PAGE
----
Merging The Branches
A specific form of Cutting Off The Branches where events from several story branches or endings are declared canon by a later installment, even though it is impossible for all these events to occur in the same playthrough of the previous game. Overlaps with Third Option Adaptation (which is about Taking A Third Option when adapting interactive works to non-interactive media). See also Broad Strokes.
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- In the Last Story mode of Shadow the Hedgehog the plot appears to consider a number of events canon, such as the President being evacuated to the GUN Fortress, Eggman claiming Shadow to be an Android, and the majority of the cast travelling to the Black Comet. These are all plot points that cannot happen in a single playthrough of regular Story Mode's branching paths, implying that regular story mode is always just "what if" scenarios that merely represent Shadow's real journey, regardless of your chosen path.
- Castlevania III: Dracula's Curse has three potential partners for Trevor Belmont (Grant, Sypha, and Alucard). You can only have one partner at a time, and it's impossible to meet both Sypha and Alucard on the same playthrough. Castlevania: Symphony of the Night establishes that canonically, all four of them fought Dracula together.
- Installments of the Dawn of War series set after Winter Assault imply that the latter's true ending contains elements of both Ork and Eldar campaigns (Taldeer survives the Orks, Chaos and Necrons on Lorn V but is taken out by the Blood Ravens on Kronus in Dark Crusade), while Crull is defeated and his skull taken by Gorgutz 'Ead'unter (the Chaos faction takes it back from him in Dark Crusade).
- The Warcraft series did this for everything up to Warcraft 3. The second game took the first's Orc campaign as canon but with several Human story missions as still having happened instead of their Orc variants. The second game was treated the same way but with the sides reversed by its expansion. The second game's expansion is later treated as two sides of the same story, with the canon result of the final battle combining the endings.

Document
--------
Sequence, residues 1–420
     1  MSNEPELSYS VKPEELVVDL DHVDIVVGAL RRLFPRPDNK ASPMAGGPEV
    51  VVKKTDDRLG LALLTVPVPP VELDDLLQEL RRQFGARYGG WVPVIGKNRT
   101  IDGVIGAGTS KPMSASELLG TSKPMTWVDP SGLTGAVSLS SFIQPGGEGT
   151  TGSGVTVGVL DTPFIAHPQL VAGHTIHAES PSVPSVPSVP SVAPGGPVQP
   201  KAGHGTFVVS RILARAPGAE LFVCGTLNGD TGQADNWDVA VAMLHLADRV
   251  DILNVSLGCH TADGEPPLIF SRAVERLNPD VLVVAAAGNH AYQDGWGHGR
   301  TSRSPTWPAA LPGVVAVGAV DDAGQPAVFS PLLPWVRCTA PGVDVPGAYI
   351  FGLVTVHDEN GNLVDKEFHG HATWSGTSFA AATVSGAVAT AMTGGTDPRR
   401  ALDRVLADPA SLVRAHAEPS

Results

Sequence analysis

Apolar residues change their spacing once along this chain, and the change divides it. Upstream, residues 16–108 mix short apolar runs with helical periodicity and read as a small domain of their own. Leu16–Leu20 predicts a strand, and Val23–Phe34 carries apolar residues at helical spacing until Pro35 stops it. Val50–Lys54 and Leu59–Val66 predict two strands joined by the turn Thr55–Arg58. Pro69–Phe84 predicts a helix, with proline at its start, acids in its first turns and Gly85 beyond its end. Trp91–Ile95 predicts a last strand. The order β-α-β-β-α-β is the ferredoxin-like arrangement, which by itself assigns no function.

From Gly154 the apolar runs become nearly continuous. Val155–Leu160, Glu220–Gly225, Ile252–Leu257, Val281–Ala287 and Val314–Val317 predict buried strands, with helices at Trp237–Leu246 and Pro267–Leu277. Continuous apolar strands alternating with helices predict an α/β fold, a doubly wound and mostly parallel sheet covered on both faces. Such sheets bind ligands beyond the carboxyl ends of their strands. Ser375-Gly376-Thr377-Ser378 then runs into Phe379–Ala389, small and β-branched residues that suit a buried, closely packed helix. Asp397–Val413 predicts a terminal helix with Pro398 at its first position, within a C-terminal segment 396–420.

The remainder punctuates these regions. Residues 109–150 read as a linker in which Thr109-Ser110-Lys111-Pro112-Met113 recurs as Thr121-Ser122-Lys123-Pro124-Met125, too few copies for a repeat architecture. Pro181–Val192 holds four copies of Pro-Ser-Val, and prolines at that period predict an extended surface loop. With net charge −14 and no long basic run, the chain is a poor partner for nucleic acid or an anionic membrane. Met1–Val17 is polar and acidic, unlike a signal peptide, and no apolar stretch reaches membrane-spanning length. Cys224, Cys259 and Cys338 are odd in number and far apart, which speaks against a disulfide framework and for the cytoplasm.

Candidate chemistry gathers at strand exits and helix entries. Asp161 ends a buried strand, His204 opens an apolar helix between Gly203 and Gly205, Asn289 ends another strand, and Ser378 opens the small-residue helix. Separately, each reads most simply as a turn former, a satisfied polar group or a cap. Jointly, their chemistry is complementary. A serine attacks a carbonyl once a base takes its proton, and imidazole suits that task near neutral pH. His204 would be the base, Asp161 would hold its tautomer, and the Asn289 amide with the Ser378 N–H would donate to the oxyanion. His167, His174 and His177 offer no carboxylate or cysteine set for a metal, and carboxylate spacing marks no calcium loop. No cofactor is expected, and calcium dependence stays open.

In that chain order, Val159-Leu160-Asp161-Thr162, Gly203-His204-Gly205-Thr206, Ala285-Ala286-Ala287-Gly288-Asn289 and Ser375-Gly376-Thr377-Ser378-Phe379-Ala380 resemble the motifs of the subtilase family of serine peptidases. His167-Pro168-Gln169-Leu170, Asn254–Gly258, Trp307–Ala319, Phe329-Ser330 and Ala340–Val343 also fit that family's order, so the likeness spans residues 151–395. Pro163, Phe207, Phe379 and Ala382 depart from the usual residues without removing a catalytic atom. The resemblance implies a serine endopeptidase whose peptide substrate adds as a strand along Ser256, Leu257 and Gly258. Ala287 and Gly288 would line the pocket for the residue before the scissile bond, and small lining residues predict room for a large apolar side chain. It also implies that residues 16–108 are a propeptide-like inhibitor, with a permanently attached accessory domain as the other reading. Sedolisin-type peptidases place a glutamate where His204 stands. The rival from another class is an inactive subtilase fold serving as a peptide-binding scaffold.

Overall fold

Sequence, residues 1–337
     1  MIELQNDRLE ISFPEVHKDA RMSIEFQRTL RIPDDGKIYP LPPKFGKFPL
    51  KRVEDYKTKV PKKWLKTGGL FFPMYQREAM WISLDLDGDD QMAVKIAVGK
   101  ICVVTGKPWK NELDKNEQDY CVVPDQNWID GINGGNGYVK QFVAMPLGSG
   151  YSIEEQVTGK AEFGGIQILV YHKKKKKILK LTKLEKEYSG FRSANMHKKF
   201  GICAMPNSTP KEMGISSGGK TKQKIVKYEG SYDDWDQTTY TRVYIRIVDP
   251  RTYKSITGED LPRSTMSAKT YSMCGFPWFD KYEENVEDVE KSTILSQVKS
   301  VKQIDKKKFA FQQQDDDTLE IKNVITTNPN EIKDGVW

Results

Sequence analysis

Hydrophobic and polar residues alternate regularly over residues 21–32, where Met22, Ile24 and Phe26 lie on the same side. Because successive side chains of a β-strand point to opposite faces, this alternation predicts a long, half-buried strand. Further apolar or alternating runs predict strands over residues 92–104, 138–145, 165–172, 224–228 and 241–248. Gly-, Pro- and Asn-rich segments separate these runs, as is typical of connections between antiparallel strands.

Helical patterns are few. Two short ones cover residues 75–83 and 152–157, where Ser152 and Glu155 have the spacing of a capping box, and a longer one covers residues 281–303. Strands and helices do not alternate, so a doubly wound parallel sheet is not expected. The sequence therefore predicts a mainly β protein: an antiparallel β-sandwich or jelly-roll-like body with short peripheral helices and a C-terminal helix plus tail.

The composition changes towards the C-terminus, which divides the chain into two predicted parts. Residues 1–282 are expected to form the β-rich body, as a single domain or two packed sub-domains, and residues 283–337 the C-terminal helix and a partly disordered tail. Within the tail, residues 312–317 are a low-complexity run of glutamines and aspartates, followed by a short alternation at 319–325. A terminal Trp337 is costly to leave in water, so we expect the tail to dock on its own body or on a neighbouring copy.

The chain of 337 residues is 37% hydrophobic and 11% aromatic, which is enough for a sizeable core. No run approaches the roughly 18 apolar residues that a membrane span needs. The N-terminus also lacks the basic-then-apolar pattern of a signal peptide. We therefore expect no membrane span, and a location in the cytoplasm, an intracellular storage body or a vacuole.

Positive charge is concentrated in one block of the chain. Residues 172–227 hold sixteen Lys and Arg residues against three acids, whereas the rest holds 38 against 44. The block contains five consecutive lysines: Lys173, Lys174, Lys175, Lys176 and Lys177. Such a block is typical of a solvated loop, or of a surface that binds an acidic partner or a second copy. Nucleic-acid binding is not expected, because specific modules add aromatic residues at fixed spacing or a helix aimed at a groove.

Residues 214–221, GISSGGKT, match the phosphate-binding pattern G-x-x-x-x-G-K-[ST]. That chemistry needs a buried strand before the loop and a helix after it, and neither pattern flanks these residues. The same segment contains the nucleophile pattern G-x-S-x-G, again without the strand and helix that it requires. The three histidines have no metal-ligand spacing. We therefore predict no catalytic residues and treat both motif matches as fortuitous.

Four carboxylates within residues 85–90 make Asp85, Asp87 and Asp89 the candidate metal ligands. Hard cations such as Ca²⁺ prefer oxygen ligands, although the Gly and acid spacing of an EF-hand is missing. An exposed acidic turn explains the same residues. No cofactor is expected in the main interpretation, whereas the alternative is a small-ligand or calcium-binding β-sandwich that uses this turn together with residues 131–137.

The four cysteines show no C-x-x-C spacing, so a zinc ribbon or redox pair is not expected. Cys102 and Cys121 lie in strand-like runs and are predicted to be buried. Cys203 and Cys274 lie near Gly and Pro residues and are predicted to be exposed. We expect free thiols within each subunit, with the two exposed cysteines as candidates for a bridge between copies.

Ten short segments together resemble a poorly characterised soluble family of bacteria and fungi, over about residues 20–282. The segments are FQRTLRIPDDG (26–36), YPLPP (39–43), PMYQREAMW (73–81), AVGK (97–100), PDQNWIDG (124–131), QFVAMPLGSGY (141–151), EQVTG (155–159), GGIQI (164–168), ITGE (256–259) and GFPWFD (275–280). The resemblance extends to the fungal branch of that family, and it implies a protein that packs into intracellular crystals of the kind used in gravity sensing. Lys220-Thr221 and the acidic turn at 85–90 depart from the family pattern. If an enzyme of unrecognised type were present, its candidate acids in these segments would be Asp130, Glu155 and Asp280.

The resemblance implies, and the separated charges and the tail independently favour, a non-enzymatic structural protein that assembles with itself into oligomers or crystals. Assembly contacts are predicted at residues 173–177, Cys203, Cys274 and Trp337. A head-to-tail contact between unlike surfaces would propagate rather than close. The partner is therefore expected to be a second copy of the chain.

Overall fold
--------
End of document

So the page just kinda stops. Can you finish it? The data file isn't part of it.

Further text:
- The Elder Scrolls II: Daggerfall had seven mutually exclusive endings, but The Elder Scrolls III: Morrowind revealed that all of them took place at the same time due to a rare cosmic event called a Dragon Break (that particular one — which is the only one which historians agree on having happened — is usually called the Warp in the West, on account of happening in the west, and sometimes the Miracle of Peace, on account of having set up a stabler, more peaceful situation in the region).
- In Ultima IV: Quest of the Avatar, you have eight possible party members but you can never recruit the one of the same class as yourself. Nevertheless, all eight are regarded the Companions of the Avatar in later installments.
- In Fire Emblem: Shadow Dragon, several characters were only recruitable in gaiden chapters that required several playable characters to die to access them. In New Mystery of Emblem, however, all returning gaiden characters except Nagi are treated as if they joined Marth's army despite the fact that every playable character from the previous game survived to see the sequel.
- Deus Ex: Invisible War uses a combination of the three possible but mutually exclusive endings of Deus Ex.